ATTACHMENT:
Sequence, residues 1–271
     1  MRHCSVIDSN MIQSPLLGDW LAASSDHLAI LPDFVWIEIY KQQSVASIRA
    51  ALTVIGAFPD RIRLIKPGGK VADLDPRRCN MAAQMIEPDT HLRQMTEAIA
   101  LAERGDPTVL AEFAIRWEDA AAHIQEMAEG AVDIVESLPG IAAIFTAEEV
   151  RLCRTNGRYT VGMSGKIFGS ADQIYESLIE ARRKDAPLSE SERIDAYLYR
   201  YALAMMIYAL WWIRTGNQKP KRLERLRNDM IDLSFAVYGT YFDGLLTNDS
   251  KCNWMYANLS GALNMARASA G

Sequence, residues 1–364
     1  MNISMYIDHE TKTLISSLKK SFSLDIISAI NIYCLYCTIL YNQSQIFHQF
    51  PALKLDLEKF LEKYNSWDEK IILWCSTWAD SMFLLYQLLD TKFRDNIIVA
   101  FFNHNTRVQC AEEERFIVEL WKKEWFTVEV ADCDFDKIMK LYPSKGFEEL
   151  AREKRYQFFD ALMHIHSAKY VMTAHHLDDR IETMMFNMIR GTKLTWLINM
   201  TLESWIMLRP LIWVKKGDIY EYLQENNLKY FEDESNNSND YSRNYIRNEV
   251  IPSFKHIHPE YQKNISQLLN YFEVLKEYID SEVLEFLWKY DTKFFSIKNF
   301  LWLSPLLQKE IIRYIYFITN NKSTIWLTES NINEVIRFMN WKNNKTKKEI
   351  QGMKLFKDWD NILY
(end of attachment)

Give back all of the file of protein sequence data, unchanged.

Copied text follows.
Sequence, residues 1–271
     1  MRHCSVIDSN MIQSPLLGDW LAASSDHLAI LPDFVWIEIY KQQSVASIRA
    51  ALTVIGAFPD RIRLIKPGGK VADLDPRRCN MAAQMIEPDT HLRQMTEAIA
   101  LAERGDPTVL AEFAIRWEDA AAHIQEMAEG AVDIVESLPG IAAIFTAEEV
   151  RLCRTNGRYT VGMSGKIFGS ADQIYESLIE ARRKDAPLSE SERIDAYLYR
   201  YALAMMIYAL WWIRTGNQKP KRLERLRNDM IDLSFAVYGT YFDGLLTNDS
   251  KCNWMYANLS GALNMARASA G

Sequence, residues 1–364
     1  MNISMYIDHE TKTLISSLKK SFSLDIISAI NIYCLYCTIL YNQSQIFHQF
    51  PALKLDLEKF LEKYNSWDEK IILWCSTWAD SMFLLYQLLD TKFRDNIIVA
   101  FFNHNTRVQC AEEERFIVEL WKKEWFTVEV ADCDFDKIMK LYPSKGFEEL
   151  AREKRYQFFD ALMHIHSAKY VMTAHHLDDR IETMMFNMIR GTKLTWLINM
   201  TLESWIMLRP LIWVKKGDIY EYLQENNLKY FEDESNNSND YSRNYIRNEV
   251  IPSFKHIHPE YQKNISQLLN YFEVLKEYID SEVLEFLWKY DTKFFSIKNF
   301  LWLSPLLQKE IIRYIYFITN NKSTIWLTES NINEVIRFMN WKNNKTKKEI
   351  QGMKLFKDWD NILY